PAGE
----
Archives September 2012

YOU  NEED
  • A file card
  • A felt tip pen
  • A long pin
  On a file draw four thick black lines as in the illustration. On the card's centre pierce a long pin. Now hold the pin head beneath the card, and spin it fast by waving it with the other hand. What do you see? HOW DOES IT WORK? What will be seen are two concentric black circles! And not many make a correct guess. It is the same explanation as for "The Moving Circle" (refer to the contents). Once the card rotates, there is a spot on each line which travels a shorter length, in comparison to other spots on the line. You will view the four spots a mite longer. And they form circles.

YOU NEED:
  • A ten rupee note
  • Two paper clips
  • Two thin rubber bends
  This is a common trick with ten rupee note folded as shown and with two paper clips on it. If you pull the bill apart holding the ends until it is flat, the two clips jump on the bill. Put two thin elastic bands around the note, inside each fold as in the illustration. Now pull the ten rupee note flat. You will be taken aback by what happens! What happens is a chain, with clips in the middle and a rubber band at either end.   HOW DOES IT WORK? You need to pull the bill ever so slowly at the ends to find out how it works. The clips and the rubber bands are positioned such that they interlink to create the chain.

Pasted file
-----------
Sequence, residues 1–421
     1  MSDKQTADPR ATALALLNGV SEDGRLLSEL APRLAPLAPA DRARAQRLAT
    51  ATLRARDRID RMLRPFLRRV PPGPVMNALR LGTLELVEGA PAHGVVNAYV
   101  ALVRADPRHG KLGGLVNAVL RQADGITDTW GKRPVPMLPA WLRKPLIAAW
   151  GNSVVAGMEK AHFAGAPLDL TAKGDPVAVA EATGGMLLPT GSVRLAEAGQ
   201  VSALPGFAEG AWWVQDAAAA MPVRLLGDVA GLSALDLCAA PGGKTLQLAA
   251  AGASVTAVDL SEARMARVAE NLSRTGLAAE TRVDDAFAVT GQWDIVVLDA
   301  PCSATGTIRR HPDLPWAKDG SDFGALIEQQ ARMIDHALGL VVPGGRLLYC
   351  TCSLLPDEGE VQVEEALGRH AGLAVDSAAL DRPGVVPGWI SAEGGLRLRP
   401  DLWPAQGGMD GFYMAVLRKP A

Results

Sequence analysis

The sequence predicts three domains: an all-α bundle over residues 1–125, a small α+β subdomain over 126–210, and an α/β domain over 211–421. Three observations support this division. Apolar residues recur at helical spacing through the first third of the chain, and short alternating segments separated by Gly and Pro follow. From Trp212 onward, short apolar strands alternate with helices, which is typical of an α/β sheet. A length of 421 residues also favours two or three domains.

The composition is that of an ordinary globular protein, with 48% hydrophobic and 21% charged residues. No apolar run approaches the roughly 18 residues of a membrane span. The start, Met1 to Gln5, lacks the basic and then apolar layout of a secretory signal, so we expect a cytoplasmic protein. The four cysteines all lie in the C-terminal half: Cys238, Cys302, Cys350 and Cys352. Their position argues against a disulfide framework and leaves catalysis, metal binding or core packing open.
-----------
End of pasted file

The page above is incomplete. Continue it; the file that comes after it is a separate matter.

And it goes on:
YOU  NEED:
  • A ring
  • A string
  Many decades ago, novelty stores sold this item as a gimmick. But you can make it at home simply by tying a small weight, such as a ring to one end of a piece of string. Call a friend over and tell her that should she hold the free end of the string, and suspend the ring over a man's hand, it will begin to swing back and forth in a straight line like a pendulum. Again should she hold it over the hand of a woman, it begins to swing in an ellipse.   This is an instance of how a belief unwittingly influences our hand. Should you find a person for whom the gender indicator works well, you could try this. Let the person hold the indicator so the ring is suspended inside a drinking glass. Just tell him more...

YOU  NEED:
  • A sheet of typewriter paper
  • Scissors
Cut a one inch (2.5 cm) strip from the side of a typewriter paper. Study Figure 2 and tie an overhand knot in the centre of the strip. Pull the knotted strip taut and then flatten it.   As in Figure 2, fold end A over the knot. If you hold the knot up to a light what you will notice is a perfect five-pointed star in a regular pentagon. There are many amazing mathematical properties in it.  

YOU  NEED:
  • A chessboard
  • Some grains of rice
  • A compass
  • A sheet of plain paper
  • Some coloured pens
If on a chess board one continues placing double the number of grains of rice, as compared to the previous one, on every square, i.e., one grain on the first square, two grains on the second square, four grains on the third square and sixteen on the fourth square and likewise. Calculate the number of grains of rice there will there be on the tenth square and the total grains on the board. Draw a circle with a radius of 2 inches with a compass. Draw another circle by placing the point of the compass on one edge of the first circle. Place the point of the compass at the points where the second circle intersects the first circle- Continue drawing circles from every intersection until there are no more. To form a proper hexagon more...